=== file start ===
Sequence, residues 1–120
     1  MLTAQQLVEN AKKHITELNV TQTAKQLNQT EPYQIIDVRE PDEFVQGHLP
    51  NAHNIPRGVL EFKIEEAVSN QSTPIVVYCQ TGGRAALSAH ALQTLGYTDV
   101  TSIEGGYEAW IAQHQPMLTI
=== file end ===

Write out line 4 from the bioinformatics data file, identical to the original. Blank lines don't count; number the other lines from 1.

   101  TSIEGGYEAW IAQHQPMLTI